A Week in the City: Manchester City 1-0 UEFA
It’s Christmas morning. You’re awake well in advance of the time that you know you’re allowed to open your presents and you just have to sit there, waiting for the clock to reach that magical number. Is it going to be a brand new PlayStation (other consoles are available), or is it going to be an EyeToy game without the actual EyeToy camera, devastating you for the remainder of the day (I’ve not forgotten this, mum)?
This was how this morning felt for City fans across the globe. On Friday, CAS announced that they would be revealing their judgement on the Manchester City vs UEFA derby at 9:30am UK time the following Monday. The choices were simple – either CAS upholds a two-year ban which was dished out by UEFA on Valentine’s Day or CAS rules in favour of Manchester City and the ban is scrapped.
There was talk of a potential reduction of the ban to just the one year – however in a case such as this I would imagine that both parties were looking for a definitive answer. A reduction of the ban to one year, whilst it would have helped UEFA more than City, would ultimately benefit nobody as UEFA’s integrity is compromised whilst City’s guilt is also still held up.
This article isn’t to go into the boring detail and minutiae of how we ended up here, where UEFA are in the wrong or where the numerous issues in reporting have been along the way. That’s for another time (and trust me, it’s coming).
This article is for us lot. City fans. The ones who’ve been spending the last five months watching and listening as journalists, pundits and commentators have been passing off our two-year ban, despite being subject to appeal, as gospel.
The ones who’ve had to put our complete faith in a bunch of millionaires who we see speak publicly maybe once or twice a year, if that.
The ones who’ve had to trust that our club, a club which was confident it would pass FFP just before failing it in 2013 and confident that UEFA would drop their investigation a month or two before they slapped a two-year Champions League ban on the club, were correct in their assertion that the charges would be dropped in the face of “irrefutable evidence”.
To say that we never had any doubts would, certainly from a personal perspective, be a downright lie.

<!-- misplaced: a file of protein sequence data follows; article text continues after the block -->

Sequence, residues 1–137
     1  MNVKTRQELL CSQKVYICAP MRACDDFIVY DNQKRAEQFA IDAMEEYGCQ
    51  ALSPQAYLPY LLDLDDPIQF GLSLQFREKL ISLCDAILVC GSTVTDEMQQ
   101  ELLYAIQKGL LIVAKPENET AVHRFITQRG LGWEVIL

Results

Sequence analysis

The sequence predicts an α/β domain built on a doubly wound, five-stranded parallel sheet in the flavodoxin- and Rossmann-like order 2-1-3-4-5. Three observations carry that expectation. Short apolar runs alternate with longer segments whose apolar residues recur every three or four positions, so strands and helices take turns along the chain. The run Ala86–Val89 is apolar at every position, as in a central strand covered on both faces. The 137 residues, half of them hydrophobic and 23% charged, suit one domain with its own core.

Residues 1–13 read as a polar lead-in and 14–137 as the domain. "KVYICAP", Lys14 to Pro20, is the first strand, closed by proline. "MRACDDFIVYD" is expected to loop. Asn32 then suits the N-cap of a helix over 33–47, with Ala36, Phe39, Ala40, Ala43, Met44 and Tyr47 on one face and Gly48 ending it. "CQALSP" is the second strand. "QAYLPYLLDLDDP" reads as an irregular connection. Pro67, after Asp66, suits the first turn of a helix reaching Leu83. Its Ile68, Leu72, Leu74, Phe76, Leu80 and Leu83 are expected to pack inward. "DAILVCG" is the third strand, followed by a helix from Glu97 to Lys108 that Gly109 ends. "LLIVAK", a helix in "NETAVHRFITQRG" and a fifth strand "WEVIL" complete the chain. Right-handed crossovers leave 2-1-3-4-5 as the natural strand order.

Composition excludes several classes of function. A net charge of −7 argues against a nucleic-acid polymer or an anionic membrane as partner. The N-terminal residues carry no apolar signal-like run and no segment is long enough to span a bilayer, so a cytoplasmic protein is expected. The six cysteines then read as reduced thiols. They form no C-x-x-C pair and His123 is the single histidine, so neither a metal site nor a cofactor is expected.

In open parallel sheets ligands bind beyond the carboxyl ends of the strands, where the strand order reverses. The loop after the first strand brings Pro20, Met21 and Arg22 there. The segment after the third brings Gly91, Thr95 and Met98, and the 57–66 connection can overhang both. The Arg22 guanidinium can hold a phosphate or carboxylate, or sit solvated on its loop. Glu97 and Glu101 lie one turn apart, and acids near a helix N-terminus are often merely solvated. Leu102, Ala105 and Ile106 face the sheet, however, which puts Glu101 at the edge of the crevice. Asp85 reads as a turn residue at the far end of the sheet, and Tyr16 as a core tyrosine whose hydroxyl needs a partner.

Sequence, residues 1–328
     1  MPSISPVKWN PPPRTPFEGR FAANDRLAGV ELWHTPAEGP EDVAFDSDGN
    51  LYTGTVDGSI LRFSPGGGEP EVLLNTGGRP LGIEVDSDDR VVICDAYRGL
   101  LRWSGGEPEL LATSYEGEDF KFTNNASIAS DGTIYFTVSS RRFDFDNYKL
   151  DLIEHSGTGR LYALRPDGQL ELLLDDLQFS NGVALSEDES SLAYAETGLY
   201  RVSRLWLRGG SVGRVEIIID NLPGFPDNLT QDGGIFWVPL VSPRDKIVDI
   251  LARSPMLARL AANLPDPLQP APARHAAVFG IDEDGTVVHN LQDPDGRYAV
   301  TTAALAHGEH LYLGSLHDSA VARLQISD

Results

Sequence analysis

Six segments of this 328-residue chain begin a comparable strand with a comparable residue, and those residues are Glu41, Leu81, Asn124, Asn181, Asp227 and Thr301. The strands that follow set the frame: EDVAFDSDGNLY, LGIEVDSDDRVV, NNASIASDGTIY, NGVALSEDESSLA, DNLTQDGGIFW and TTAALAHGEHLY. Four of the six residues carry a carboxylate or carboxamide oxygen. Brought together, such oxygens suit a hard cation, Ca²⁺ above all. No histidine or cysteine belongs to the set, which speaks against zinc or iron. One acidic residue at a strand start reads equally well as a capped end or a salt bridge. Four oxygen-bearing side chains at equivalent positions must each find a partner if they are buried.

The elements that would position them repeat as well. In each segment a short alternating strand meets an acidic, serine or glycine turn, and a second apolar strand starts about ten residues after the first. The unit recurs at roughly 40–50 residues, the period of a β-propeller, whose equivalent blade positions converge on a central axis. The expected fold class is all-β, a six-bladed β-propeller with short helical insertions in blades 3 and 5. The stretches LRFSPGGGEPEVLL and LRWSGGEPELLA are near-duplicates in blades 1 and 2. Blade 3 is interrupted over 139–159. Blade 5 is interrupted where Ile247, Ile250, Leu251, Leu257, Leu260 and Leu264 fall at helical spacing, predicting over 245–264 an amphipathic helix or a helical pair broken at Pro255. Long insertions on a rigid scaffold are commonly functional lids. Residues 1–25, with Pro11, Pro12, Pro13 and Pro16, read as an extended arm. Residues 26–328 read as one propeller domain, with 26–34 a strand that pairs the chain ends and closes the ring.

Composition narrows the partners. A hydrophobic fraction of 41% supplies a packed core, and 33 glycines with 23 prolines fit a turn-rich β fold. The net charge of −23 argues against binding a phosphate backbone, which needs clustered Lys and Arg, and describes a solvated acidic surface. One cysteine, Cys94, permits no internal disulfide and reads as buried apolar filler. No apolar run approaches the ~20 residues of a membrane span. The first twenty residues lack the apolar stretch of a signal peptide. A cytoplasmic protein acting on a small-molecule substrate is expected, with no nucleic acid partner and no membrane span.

This article is for Ferran Soriano, who made the rather bold decision to put his knackers on the line days after UEFA’s decision was made. Publicly fronting up to fans and media alike, it was to be the last public statement the club made on the club’s charges before the decision came through and he was very much at the front and centre. He put his reputation on the line in one of the most public arenas possible in the sporting world. To promise that the club would be proved correct in the eyes of CAS, the ultimate authority in sport, would have come with potentially career-ruining consequences should things have gone in UEFA’s favour.
The natural instinct for many in the aftermath of this news, naturally, has been to return to the numerous people who over the last five months have made ridiculous assertions, have treated City’s guilt as a done deal and, quite frankly, have treated the many City fans who (amongst the various inevitable abuse and trolls) have politely put forward valid counterpoints in an attempt to engage in a reasoned debate about the whole situation with nothing but contempt.
Today, tomorrow, probably the rest of the week, is the time for celebrating and gloating. We’ve silenced the doubters. Journalists up and down the country would be spitting out editiorials for fun all day long on the long-term implications of Manchester City’s defeat at the hands of CAS had the ban been upheld. We’d be reading endless copy about how Kevin De Bruyne is desperate to leave, how Raheem Sterling is on his way out, how Pep has already agreed to join Juventus once August’s Champions League run is complete. Will Sheikh Mansour sell up? Does sportswashing really work?
Instead, Twitter is awash with FFP eulogies as journalists and fans alike mourn the loss of a rule which makes football objectively unfair and objectively less competitive. Savour it. Drink it in. I feel that only a Champions League trophy in the Manchester City trophy cabinet will ever provoke a reaction with such high sodium levels ever again.
Little City, the noisy neighbours, Sheikh Mansour’s plaything, have just taken on one of the most corrupt organisations in the sporting world and won. Yet the overwhelming mood across football is one of loss. Just another one to chalk up to Arab Money. CAS are corrupt and easily bought, after all. Not like UEFA, the shining paragons of justice.
But that’s for another time. Arguing with journalists who have a problem with our victory is for another time. Today, tomorrow, the day after, just laugh at them. City have won. CAS have proven that, much to my surprise, your average football journalist knows absolutely nothing about legal proceedings which law professionals have spent the best part of a decade to become experts in. There are some people who you'll never convince of City's lack of guilt and for now it's best to just not engage with those people. This isn't about them right now.
This is how it feels to be City, this is how it feels to be small. This is how it feels when your team wins nothing at all.
You can follow Joe on Twitter here: @joebutters
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